Why Some States Still Don't Have a Dunkin' Donuts (But Probably Not for Long!)
To those who grew up in Dunkin’ Donuts’ Northeast stronghold, where the orange-and-pink double D is as ubiquitous as the Golden Arches, this news may come as a shock: Dunkin’ isn’t everywhere! Only in the past half decade has it ventured into Colorado, California, Minnesota and Utah, and 2017 was the year Dunkin’ learned to say “aloha,” with its first three stores opening in Hawaii. In a few northwestern states, including Idaho, there’s no Dunkin’ at all. There, America evidently runs on something else.
All of this means that Dunkin’ -- despite having 12,435 global locations at the end of 2017, of which 9,015 are in the U.S. -- still has plenty of room to grow. And grow it does: A year ago, those numbers were 12,258 units worldwide, of which 8,828 were stateside. That expansion is happening strategically. “It’s not so important to us to just sprinkle new stores over a wide area,” says Grant Benson, the company’s senior vice president of franchising and development. “Once we make a commitment to go somewhere, we go deep. But there’s certainly nothing unattractive about any state, and we look forward to being represented everywhere.” (Sorry, Gem State residents: “It’s just not time for Idaho today,” he says. Maybe tomorrow!)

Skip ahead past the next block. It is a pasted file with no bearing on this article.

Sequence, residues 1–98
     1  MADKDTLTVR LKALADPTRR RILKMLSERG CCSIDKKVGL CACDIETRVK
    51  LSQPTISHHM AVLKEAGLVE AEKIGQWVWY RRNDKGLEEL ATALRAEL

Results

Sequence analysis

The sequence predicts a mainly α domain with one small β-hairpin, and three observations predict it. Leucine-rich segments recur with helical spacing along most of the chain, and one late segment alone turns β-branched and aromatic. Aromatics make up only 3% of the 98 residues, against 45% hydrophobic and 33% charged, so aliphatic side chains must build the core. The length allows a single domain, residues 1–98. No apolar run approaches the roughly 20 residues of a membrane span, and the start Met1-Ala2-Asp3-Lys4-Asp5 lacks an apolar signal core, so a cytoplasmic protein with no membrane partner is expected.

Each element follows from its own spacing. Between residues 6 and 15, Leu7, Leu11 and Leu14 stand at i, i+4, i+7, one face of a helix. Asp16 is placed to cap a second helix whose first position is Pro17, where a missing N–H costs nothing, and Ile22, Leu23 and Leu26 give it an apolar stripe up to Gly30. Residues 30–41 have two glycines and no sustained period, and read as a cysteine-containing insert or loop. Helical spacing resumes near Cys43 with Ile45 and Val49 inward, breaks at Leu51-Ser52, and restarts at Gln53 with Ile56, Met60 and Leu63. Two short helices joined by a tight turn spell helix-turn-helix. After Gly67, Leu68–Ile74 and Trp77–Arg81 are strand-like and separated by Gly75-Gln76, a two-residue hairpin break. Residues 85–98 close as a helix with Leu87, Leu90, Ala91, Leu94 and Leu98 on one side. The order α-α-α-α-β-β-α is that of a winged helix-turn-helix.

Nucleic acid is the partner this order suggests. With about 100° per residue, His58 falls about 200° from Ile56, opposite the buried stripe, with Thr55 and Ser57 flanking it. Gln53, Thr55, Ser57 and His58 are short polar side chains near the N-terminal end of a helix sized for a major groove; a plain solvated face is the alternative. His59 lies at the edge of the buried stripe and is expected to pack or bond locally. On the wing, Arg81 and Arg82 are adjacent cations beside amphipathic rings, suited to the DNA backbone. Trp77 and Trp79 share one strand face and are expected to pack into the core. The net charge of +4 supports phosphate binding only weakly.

Meanwhile, Dunkin’ continues to scale globally. Like a box with a mixed dozen of strawberry frosted, blueberry cake and Boston kreme, Dunkin’ Donuts’ units abroad present a variety of flavors, with each market reflecting local tastes. A new store in Amsterdam, for instance, is testing a novel model: one that’s “a bit upscale” and “very beverage-focused,” per Benson, more in tune with Europe’s café culture. America may run on Dunkin’, but others prefer to relax with it. And the brand will take all kinds.
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